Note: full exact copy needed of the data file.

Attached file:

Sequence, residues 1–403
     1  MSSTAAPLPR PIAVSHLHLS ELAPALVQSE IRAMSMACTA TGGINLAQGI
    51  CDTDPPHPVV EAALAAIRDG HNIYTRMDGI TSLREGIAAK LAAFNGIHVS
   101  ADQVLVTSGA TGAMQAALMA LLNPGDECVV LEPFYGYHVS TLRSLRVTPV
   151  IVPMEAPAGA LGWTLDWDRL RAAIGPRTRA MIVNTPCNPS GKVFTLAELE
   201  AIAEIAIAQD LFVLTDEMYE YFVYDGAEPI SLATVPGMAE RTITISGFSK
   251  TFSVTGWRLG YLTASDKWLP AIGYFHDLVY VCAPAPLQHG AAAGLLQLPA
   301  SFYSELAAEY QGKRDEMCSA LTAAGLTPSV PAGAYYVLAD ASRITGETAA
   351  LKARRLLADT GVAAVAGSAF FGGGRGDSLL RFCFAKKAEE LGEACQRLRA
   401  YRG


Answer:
Sequence, residues 1–403
     1  MSSTAAPLPR PIAVSHLHLS ELAPALVQSE IRAMSMACTA TGGINLAQGI
    51  CDTDPPHPVV EAALAAIRDG HNIYTRMDGI TSLREGIAAK LAAFNGIHVS
   101  ADQVLVTSGA TGAMQAALMA LLNPGDECVV LEPFYGYHVS TLRSLRVTPV
   151  IVPMEAPAGA LGWTLDWDRL RAAIGPRTRA MIVNTPCNPS GKVFTLAELE
   201  AIAEIAIAQD LFVLTDEMYE YFVYDGAEPI SLATVPGMAE RTITISGFSK
   251  TFSVTGWRLG YLTASDKWLP AIGYFHDLVY VCAPAPLQHG AAAGLLQLPA
   301  SFYSELAAEY QGKRDEMCSA LTAAGLTPSV PAGAYYVLAD ASRITGETAA
   351  LKARRLLADT GVAAVAGSAF FGGGRGDSLL RFCFAKKAEE LGEACQRLRA
   401  YRG